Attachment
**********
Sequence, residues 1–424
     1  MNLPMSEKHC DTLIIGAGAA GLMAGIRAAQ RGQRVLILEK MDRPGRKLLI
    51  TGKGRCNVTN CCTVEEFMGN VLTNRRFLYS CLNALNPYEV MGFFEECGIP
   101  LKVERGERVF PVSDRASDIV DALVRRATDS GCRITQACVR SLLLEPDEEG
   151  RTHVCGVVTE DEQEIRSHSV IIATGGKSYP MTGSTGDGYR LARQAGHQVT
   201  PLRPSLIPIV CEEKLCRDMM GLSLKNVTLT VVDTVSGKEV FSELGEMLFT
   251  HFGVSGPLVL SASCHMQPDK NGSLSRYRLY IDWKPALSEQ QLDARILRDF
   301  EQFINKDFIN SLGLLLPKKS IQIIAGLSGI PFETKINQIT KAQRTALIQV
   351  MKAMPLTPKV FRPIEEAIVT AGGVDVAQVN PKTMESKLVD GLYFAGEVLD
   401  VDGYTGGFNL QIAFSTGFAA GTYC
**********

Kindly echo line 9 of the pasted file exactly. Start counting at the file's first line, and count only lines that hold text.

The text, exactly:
   351  MKAMPLTPKV FRPIEEAIVT AGGVDVAQVN PKTMESKLVD GLYFAGEVLD